Bags can be configured to various shapes and volumes as dictated by the specific nature of the particular fire protection application. Available materials also offer a broad range of physical and chemical properties capable of fulfilling both the long term environmental storage and the short term fire exposure requirements dictated by a variety of foreseen fire protection applications. Depending on the specific fire protection application, one or more inflatable bags, possibly of different size and configuration, can be employed for effecting air blocking and agent distribution or for just air blockage. While the above description contains many specificities, these should not be construed as limitations on the scope of the invention, but rather as an exemplification of one preferred embodiment thereof. The compartment 2 is only one example of a location in which the system of the invention may be used to great advantage.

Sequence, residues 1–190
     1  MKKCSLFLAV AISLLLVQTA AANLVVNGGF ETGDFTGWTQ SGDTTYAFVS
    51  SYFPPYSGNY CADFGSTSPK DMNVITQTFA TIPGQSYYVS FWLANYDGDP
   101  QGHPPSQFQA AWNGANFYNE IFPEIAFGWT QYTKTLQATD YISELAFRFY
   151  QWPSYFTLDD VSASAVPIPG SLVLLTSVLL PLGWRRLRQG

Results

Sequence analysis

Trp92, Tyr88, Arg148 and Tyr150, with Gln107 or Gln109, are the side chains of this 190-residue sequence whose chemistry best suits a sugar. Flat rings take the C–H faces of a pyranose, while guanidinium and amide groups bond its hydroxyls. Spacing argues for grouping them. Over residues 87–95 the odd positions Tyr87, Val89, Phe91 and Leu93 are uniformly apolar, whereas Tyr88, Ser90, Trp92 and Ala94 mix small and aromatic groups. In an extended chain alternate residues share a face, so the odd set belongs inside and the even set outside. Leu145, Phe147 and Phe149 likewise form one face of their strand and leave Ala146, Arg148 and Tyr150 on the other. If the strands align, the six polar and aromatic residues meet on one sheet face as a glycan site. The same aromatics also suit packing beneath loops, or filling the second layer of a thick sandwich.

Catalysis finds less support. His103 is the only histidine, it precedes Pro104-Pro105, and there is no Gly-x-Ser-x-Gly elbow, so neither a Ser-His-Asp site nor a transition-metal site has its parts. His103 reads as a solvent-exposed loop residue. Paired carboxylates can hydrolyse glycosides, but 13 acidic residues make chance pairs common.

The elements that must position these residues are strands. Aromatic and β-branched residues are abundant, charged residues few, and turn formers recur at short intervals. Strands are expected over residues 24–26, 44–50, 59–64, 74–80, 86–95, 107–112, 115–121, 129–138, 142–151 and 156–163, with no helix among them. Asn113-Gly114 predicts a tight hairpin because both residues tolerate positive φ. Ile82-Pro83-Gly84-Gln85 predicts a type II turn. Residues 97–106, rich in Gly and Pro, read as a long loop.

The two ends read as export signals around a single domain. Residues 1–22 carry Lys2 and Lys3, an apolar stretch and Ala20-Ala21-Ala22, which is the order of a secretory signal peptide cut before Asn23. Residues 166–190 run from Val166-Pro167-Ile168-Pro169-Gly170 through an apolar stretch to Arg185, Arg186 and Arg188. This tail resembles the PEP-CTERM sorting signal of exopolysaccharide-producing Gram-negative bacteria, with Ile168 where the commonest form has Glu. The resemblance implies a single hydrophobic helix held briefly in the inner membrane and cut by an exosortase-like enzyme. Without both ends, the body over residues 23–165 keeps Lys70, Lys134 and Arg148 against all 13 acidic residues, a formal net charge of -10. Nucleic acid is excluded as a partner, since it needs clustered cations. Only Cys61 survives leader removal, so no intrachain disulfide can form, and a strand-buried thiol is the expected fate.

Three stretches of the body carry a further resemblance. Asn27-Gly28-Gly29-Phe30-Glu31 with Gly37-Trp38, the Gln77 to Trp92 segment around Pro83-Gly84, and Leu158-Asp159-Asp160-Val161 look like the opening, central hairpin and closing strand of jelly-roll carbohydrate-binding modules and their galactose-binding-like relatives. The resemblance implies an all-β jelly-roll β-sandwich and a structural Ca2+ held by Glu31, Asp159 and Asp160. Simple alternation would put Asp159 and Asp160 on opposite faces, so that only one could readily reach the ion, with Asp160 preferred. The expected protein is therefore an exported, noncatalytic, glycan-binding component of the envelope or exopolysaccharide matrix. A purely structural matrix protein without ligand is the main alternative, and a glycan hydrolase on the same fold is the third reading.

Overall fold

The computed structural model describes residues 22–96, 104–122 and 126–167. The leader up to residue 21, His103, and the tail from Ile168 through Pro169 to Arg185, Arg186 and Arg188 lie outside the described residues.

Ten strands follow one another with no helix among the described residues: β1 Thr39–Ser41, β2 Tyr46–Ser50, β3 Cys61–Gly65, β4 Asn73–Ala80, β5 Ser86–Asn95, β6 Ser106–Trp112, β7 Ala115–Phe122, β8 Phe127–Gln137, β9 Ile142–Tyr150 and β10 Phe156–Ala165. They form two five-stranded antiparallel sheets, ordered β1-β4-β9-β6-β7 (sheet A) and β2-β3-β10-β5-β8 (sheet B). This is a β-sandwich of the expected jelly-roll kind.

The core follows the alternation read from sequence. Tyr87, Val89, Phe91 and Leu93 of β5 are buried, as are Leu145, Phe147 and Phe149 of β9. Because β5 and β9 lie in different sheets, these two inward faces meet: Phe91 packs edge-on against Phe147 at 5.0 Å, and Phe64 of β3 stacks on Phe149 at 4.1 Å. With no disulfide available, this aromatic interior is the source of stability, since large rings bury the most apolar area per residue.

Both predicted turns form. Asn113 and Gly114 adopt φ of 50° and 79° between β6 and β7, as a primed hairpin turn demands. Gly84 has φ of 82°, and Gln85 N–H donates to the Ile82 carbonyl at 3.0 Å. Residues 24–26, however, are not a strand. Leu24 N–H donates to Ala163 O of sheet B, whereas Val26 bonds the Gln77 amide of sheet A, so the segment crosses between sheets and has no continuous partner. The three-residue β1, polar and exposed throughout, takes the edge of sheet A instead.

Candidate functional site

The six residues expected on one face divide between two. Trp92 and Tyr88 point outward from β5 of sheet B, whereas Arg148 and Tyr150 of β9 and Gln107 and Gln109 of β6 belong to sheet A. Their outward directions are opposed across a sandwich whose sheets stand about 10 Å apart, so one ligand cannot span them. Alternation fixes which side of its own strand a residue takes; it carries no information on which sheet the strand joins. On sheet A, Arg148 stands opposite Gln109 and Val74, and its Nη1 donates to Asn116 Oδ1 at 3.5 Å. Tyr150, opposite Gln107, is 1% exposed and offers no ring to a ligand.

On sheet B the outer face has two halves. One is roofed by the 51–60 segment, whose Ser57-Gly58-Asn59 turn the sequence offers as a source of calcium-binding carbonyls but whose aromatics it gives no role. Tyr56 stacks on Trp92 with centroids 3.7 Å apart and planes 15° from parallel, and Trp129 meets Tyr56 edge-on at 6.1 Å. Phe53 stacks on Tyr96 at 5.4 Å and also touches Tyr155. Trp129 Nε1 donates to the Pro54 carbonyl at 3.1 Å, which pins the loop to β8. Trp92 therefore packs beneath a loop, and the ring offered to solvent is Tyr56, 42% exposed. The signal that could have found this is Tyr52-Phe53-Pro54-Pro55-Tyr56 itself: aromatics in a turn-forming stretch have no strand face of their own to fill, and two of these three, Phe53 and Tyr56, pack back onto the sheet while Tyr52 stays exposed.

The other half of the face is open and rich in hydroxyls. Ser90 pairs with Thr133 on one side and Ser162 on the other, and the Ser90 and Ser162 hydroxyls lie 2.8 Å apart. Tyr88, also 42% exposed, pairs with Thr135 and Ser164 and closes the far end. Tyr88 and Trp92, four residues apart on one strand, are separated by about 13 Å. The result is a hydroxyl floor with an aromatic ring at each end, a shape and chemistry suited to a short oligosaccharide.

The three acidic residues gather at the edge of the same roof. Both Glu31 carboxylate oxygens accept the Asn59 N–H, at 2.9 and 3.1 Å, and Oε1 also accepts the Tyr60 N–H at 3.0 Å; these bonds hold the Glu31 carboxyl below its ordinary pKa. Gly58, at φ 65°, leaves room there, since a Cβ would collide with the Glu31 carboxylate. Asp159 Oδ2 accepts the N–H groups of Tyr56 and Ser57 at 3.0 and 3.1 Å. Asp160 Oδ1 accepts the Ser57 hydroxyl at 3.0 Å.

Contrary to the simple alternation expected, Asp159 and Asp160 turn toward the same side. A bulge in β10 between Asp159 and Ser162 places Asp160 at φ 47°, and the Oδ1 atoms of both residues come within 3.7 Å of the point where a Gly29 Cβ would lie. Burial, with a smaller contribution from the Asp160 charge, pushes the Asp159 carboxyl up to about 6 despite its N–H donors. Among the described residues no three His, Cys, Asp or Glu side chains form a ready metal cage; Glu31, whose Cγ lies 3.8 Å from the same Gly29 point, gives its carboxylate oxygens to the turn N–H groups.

Various alternatives to the pressurized stored gaseous or vaporizing liquid fire extinguishing agent source described in the main illustrated embodiment of our invention are also possible. These alternative sources for gaseous or vaporizable chemical and/or physical inerting agents for example include solid gas generators for the direct production of nitrogen inerting gas and hollow fiber permeable membrane or molecular sieve based generators which produce nitrogen inerting gas by separating it out of the air.
Accordingly, the scope of the invention should be determined not by the embodiment illustrated, but by the appended claims and their legal equivalents.
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|U.S. Classification||169/54, 169/61, 239/533.13, 60/39.091, 244/129.2, 169/62|
|Oct 19, 1999||REMI||Maintenance fee reminder mailed|
|Mar 26, 2000||LAPS||Lapse for failure to pay maintenance fees|
|Jun 6, 2000||FP||Expired due to failure to pay maintenance fee|
Effective date: 20000326